Monday, August 27, 2012

Baptismal Regeneration Pernicious unto the Souls of Men (John Owen)

"This truth, in general, of an implantation into Christ, and the ensuing confirmation in grace, is universally assented unto; none can deny it without denying the whole doctrine of the gospel.  But the sense and experience of it was lost amongst them of whom we treat; yet would they not forego the profession of the principle itself,—which would have proclaimed them apostates from the grace of Christ.  

"Wherefore they formed an image of it, or images of both its distinct parts, which they could manage unto their own ends, and such as the carnal minds of men could readily comply with and rest in.  As in the other sacrament they turned the outward signs into the things signified, so in this of baptism, they make it to stand in the stead of the thing itself; which is to make it, if not an idol, yet an image of it.  The outward participation of that ordinance with them is regeneration and implantation into Christ, without any regard unto the internal grace that is signified thereby; so that which in itself is a sacred figure, is made an image to delude the souls of men.

"And that which they would impose in the room of spiritual confirmation in grace is yet more strange. The image which they set up hereof is episcopal imposition of hands. When one that hath been baptized can answer some few questions out of a catechism, though he be very ignorant, and openly vicious in his conversation, by this laying on of hands he is confirmed in grace.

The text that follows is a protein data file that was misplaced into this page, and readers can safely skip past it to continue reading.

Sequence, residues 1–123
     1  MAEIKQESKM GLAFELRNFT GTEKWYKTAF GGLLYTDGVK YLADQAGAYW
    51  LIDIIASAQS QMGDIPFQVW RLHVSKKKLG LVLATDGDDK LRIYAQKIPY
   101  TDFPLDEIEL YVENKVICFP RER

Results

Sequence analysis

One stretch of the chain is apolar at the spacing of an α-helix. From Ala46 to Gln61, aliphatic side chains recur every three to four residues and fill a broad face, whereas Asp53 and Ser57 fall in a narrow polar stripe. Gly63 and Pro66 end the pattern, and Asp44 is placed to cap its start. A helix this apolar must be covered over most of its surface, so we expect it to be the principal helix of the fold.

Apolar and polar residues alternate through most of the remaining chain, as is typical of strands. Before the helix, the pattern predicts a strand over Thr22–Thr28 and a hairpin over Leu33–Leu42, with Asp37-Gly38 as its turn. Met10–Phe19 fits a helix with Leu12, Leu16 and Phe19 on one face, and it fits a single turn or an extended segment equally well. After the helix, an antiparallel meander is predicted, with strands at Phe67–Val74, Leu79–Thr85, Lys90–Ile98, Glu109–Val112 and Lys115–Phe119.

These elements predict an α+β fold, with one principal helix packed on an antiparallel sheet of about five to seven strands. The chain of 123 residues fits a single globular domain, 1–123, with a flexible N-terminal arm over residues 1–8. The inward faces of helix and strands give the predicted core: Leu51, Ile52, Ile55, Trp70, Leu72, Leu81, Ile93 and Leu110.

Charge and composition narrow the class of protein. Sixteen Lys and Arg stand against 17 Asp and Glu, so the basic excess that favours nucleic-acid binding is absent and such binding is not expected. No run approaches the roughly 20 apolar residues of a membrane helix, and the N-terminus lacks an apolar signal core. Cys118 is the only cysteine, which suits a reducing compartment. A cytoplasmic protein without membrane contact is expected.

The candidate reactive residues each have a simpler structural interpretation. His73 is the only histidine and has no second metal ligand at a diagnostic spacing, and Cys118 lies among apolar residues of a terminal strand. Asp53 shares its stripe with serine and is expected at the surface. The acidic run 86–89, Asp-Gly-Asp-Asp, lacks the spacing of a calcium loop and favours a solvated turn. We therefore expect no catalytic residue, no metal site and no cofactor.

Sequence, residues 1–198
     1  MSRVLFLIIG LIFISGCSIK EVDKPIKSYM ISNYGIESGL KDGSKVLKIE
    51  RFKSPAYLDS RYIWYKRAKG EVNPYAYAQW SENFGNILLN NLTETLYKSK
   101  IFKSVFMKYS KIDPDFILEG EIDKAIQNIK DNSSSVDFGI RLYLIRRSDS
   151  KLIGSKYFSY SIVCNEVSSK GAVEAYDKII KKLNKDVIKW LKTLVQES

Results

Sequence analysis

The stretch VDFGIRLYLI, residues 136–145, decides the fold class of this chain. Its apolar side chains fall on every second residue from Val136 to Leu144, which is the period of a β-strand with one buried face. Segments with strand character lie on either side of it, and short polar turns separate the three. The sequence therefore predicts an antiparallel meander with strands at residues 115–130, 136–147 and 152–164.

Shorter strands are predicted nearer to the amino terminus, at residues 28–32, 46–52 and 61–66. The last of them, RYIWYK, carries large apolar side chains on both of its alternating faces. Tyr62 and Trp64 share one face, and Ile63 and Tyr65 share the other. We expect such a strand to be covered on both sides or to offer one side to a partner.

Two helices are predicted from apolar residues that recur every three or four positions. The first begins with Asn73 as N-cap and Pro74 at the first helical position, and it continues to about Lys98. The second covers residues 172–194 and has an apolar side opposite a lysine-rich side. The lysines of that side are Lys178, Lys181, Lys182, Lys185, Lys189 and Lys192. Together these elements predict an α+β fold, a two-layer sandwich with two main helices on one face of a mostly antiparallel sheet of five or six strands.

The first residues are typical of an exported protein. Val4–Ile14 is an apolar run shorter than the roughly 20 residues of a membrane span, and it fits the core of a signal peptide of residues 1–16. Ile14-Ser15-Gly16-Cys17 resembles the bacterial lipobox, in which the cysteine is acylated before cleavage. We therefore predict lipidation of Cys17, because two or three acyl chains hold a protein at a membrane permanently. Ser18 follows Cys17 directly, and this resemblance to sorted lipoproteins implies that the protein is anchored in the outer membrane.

"It may be some will say, there is no great matter, one way or other, in things of this sort; they may be suffered to pass at what rate they will in this world. I confess I am not so minded. If there be any thing in them but mere formality and custom,—if they are trusted unto as the things whose names they bear,—they are pernicious unto the souls of men. For if all that are outwardly baptized should thereon judge themselves implanted into Christ, without regard unto the internal washing of regeneration and renewing of the Holy Ghost; and all who have had this imposition of hands should, without more ado, suppose themselves confirmed in grace,—they are in the ready way to eternal ruin."

John Owen, “The Chamber of Imagery in the Church of Rome Laid Open; An Antidote Against Popery,” in The Works of John Owen: Volume VIII, edited by the Rev. William H. Goold (New York: Robert Carter & Brothers, 1860, Digitized Oct. 10, 2008), 586, 587.


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